So, How Are We Doing in Diversifying the HSR Workforce?
"How'm I doin?" Ed Koch, longtime mayor of New York City, would ask his constituency. "Am I doin’ all right?" Koch understood the importance of taking stock, assessing progress, and changing directions if need be.
The need for increasing the ethnic and racial diversity of our health services research workforce is unquestioned. A 2007 study documented a lack of diversity among health services researchers, a particularly important issue given the increasing diversity of the population. Many initiatives sprung up, including LDI’s Summer Undergraduate Minority Research (SUMR) program.
So, 13 years after we launched SUMR, we wanted to know, how are we doing? We obtained recent data from AcademyHealth from its 2011 membership survey. The chart below shows that there’s been some progress, and things are moving in the right direction.
African-Americans now make up 6.9% of the HSR workforce, compared to 3.4% in 2007; Hispanics had smaller gains, increasing from 2.1% to 3.7% in 2011. We also show how the distribution of health services researchers compare to the universe of students graduating with bachelor’s degrees.
But that’s only a measure of success fairly late in the pipeline. Even if we were to equalize the bars in the chart above, some minorities would be underrepresented in HSR because they are also underrepresented in college, with lower enrollment and graduation rates.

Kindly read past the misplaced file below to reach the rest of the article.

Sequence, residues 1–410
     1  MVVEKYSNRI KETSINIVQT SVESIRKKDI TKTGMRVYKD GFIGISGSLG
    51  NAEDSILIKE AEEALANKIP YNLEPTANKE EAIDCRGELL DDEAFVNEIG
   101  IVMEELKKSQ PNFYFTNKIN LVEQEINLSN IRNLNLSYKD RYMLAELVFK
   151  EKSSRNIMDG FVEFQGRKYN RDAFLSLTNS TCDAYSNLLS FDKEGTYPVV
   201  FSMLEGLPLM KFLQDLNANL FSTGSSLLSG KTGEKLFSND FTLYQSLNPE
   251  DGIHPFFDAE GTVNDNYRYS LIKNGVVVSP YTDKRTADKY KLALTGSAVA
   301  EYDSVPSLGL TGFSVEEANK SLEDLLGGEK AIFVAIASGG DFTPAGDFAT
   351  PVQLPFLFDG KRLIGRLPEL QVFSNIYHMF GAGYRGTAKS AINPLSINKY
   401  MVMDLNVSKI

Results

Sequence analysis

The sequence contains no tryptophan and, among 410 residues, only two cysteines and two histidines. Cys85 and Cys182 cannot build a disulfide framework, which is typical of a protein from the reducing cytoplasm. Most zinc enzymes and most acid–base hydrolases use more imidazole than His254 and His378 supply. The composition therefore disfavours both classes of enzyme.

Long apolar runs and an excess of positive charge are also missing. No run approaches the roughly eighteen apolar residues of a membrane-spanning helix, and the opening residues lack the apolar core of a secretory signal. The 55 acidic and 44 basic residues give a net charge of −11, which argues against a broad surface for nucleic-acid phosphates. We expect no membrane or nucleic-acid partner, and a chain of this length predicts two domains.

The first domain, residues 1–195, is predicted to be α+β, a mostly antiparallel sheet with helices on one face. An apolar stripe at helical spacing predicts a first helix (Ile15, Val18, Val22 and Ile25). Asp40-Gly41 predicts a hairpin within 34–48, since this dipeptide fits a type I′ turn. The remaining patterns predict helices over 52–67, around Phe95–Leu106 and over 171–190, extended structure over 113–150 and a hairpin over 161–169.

The enrollment gap in the college-age population is shown below. In 2010, 31.9% of Hispanics and 38% of blacks were enrolled in college, compared to 43.3% of whites and 62.2% of Asians. Historical trends are promising, but the gap remains significant. It is a built-in limitation of pipeline programs that focus on minority undergraduate students.
Pipeline programs at the graduate level have an even smaller universe because of gaps in the graduation rates of underrepresented minorities. A new report by the Education Trust indicates that the 4-year college graduation gap is substantial though narrowing. Graduation rates for Hispanic students were 11.1 percentage points below those of white students, while the gap between black and white students was 22.2 percentage points. Inasmuch as undergraduate- and graduate-level pipeline programs are slowly increasing the supply of ethnic and racial minorities in HSR, we should remember that the demand for diverse health services researchers is not college-based; it’s population based. The chart below gives us insights into how far away we are from a truly representative HSR workforce:
One thing stands out: the extreme underrepresentation of Hispanics/Latinos among health services researchers. Hispanics/Latinos are one of the fastest growing populations in this country, and at the current rate of growth, they will constitute 30% of the U.S. population by 2050. We have much work to do to adequately include their voices, perspectives, and talents in our field.
Addressing the true underrepresentation of minorities in health services research will require pre-college programs as a long-term strategy. We must prime the pump and well as widen the pipeline.
So, how are we doing? Better, and not good enough.
[Thanks to Beth Henry Johnson and Kelly Nose of AcademyHealth’s Diversity Initiatives for the survey data].